The other point my competitor was emphasizing was the carbon foot print of man-made diamonds is so much smaller. The current information within the jewellery trade suggests that remark is not accurate. Think about it. If you need lots of pressure and extremely high temperatures, you need energy. Energy burns carbon in some form. The problem is that the companies that manufacture man made diamonds are not giving out all the information about their carbon footprint and often omit some factors that they count in the carbon footprint for naturally mined diamonds. The best articles I have read suggest the carbon footprint for the two streams of production is not that much different. The social cost of man-made diamonds is not squeaky clean in many countries as it uses resources and infrastructure that are required by other industries that cannot compete. To be honest the plasma chamber needed to make man-made diamonds costs about $200,000 (US) and requires some serious carbon footprint. Keeping it running also results in a carbon footprint. All these companies are doing (like so many other manufacturers) is to move the postal code of their energy needs.
The story just isn’t that cut and dry. While I would bet that mining will always leave a bigger carbon footprint, the man-made diamond industry is not being as transparent.
But I have a real bone to pick with my competitor. Now that they seem to be moving to the man-made option and are critical of the carbon footprint and the social impact left by mined diamonds, why did this suddenly change? Are they saying that all the mined diamonds they sold before were bad? Sure sounds like it. If that is the case, then they should be issuing apologies and taking back the diamonds they sold to trade for their man-made options.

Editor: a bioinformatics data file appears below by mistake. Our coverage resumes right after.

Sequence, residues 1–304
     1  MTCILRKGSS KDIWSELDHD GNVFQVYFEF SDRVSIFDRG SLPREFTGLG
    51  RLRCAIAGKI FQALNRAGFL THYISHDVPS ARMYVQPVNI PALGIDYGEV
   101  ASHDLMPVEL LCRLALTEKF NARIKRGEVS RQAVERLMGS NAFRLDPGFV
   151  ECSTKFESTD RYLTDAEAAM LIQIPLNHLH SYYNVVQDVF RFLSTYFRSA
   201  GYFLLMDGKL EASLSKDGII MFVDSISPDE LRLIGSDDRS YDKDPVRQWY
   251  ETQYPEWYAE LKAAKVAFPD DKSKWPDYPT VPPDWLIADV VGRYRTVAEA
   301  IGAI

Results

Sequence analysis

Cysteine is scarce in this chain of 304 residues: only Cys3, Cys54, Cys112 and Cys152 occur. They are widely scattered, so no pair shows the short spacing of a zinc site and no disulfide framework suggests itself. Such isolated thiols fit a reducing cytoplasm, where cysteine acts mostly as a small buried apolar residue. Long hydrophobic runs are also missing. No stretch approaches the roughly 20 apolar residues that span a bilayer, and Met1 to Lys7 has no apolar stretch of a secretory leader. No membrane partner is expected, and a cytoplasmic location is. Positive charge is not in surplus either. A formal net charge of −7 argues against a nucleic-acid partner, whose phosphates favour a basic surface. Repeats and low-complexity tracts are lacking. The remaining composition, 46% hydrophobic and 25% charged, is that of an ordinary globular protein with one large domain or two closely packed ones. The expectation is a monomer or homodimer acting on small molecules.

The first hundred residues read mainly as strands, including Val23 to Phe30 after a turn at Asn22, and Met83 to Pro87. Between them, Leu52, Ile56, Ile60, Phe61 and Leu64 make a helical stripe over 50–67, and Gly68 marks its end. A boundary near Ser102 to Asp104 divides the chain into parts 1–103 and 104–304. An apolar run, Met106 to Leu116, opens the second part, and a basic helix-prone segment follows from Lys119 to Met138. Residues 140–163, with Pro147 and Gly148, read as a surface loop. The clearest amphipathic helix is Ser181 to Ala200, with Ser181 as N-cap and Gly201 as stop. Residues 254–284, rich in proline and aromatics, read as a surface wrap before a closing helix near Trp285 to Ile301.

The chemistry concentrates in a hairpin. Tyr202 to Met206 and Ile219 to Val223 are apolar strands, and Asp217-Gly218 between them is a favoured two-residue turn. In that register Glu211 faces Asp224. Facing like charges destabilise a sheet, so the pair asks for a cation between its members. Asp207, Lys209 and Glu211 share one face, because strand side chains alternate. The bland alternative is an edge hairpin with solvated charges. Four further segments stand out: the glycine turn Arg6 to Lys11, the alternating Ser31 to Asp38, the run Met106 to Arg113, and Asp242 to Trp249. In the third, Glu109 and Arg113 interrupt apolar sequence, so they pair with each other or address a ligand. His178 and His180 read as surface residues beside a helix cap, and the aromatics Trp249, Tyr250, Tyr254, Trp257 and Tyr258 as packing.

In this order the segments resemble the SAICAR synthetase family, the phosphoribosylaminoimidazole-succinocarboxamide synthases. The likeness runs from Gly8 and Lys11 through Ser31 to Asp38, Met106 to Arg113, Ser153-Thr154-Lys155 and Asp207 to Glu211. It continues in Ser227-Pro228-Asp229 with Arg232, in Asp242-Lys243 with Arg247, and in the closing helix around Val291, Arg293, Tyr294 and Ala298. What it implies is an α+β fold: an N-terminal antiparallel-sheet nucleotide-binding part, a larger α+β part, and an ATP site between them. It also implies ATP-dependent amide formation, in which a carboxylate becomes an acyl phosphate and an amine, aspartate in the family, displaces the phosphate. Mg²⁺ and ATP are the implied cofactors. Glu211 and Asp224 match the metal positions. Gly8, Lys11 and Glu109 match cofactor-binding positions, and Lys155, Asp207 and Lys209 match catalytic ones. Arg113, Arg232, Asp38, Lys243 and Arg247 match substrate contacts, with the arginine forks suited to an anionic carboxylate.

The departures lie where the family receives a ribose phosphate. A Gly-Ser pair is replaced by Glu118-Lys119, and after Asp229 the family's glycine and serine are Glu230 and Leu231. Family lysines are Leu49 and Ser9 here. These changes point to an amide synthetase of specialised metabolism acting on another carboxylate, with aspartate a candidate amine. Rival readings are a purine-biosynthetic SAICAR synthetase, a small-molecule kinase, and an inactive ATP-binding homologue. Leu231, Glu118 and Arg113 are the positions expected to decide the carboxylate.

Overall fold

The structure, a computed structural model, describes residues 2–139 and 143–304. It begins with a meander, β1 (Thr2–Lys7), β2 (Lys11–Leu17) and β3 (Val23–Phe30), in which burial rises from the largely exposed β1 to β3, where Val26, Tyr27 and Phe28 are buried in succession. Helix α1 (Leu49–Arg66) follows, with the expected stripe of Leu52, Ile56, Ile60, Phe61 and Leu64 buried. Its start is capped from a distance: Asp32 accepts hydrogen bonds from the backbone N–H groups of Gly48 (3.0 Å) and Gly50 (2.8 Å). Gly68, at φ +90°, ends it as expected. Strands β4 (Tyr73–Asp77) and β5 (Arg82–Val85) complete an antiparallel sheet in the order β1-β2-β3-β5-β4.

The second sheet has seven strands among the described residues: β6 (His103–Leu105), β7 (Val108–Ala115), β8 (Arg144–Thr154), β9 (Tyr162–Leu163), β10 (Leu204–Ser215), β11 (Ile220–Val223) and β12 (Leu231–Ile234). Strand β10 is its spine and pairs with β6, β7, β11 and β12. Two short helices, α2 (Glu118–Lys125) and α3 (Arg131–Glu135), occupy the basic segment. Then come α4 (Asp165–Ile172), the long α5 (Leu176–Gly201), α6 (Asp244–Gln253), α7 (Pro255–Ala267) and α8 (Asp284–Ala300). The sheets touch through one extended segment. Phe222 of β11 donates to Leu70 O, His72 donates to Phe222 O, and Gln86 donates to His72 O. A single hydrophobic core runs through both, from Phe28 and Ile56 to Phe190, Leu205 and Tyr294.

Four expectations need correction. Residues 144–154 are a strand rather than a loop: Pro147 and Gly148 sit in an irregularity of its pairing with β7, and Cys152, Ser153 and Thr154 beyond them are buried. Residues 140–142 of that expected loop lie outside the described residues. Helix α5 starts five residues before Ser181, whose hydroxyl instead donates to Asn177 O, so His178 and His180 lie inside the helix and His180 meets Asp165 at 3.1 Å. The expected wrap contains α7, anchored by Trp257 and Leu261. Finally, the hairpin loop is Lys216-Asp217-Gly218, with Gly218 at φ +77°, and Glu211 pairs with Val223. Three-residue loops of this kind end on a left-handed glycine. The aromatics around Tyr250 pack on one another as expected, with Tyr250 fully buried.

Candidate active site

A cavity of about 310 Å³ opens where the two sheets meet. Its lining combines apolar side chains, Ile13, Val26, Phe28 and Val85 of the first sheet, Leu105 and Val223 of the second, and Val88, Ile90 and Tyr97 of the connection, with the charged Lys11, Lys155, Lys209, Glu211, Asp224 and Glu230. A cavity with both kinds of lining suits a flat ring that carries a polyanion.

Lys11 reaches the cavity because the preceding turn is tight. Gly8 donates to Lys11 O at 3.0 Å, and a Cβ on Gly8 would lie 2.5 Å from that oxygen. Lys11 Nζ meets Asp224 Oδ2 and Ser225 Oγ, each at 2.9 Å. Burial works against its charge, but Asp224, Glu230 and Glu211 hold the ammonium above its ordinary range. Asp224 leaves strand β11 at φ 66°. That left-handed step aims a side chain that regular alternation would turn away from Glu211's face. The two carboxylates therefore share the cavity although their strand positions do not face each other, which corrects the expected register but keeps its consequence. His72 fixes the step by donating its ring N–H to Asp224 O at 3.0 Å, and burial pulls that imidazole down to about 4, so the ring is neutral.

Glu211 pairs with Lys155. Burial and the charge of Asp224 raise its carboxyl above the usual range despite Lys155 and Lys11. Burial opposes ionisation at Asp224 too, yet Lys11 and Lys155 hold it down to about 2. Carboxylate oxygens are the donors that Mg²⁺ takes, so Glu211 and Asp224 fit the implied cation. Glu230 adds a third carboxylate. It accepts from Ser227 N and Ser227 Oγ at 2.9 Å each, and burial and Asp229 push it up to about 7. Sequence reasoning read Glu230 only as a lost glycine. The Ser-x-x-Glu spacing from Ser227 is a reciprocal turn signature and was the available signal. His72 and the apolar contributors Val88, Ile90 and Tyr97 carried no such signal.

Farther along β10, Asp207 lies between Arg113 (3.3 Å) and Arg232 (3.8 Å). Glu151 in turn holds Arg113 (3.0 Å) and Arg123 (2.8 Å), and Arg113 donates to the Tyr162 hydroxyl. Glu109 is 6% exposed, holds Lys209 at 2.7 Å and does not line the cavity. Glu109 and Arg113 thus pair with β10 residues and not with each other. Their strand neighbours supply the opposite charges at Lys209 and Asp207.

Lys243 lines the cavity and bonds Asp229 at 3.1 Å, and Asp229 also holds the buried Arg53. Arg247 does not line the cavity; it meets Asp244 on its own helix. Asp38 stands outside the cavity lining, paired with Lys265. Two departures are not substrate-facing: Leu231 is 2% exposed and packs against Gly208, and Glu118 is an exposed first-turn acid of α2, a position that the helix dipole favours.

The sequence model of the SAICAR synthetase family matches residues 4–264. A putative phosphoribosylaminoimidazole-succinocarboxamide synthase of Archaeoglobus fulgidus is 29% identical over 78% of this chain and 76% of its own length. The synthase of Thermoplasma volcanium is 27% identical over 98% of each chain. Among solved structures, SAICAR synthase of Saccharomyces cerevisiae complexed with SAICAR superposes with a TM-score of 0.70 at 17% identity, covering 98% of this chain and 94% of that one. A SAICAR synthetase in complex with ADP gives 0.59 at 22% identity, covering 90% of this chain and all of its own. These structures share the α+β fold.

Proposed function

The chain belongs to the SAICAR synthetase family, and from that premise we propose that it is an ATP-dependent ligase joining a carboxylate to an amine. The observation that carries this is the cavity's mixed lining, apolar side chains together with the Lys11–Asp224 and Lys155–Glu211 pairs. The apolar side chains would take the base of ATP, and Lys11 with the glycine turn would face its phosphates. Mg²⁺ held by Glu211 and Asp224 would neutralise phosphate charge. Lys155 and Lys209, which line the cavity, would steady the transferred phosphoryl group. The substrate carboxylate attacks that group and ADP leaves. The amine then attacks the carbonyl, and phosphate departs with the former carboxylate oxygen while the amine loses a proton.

Lastly, back to my cubic zirconia story. If a company can make as many man-made diamonds as they want, what makes them rare? What keeps the price firm? When it comes to the man-made diamonds, I have seen crazy dips in price over the last two years. The dips have all been downward. I will offer these diamonds for sale, but I won’t carry them in stock in my store. My feeling, and so far, it has been true, the price I pay today will likely drop by the time I sell that diamond. There isn’t any shortage of man-made diamonds. Recently DeBeers started offering man-made diamonds for $800 per carat (US dollars). Just two years ago my selling price was about $6000. Sorry but if it is man-made then the price will continue to drop as more and more is being manufactured.
I would like to see how my competitor can sell their man-made diamonds for thousands of dollars when the same thing is offered for a $800 from DeBeers?
Man-made diamonds will have a place for consumers. It will act as a nice place holder until a naturally mined diamond can be purchased or the man-made diamonds will be used to make jewellery that most people refer to as costume jewellery. All I know is that I am going to follow my intuition just like I did 40 years ago with cubic zirconia.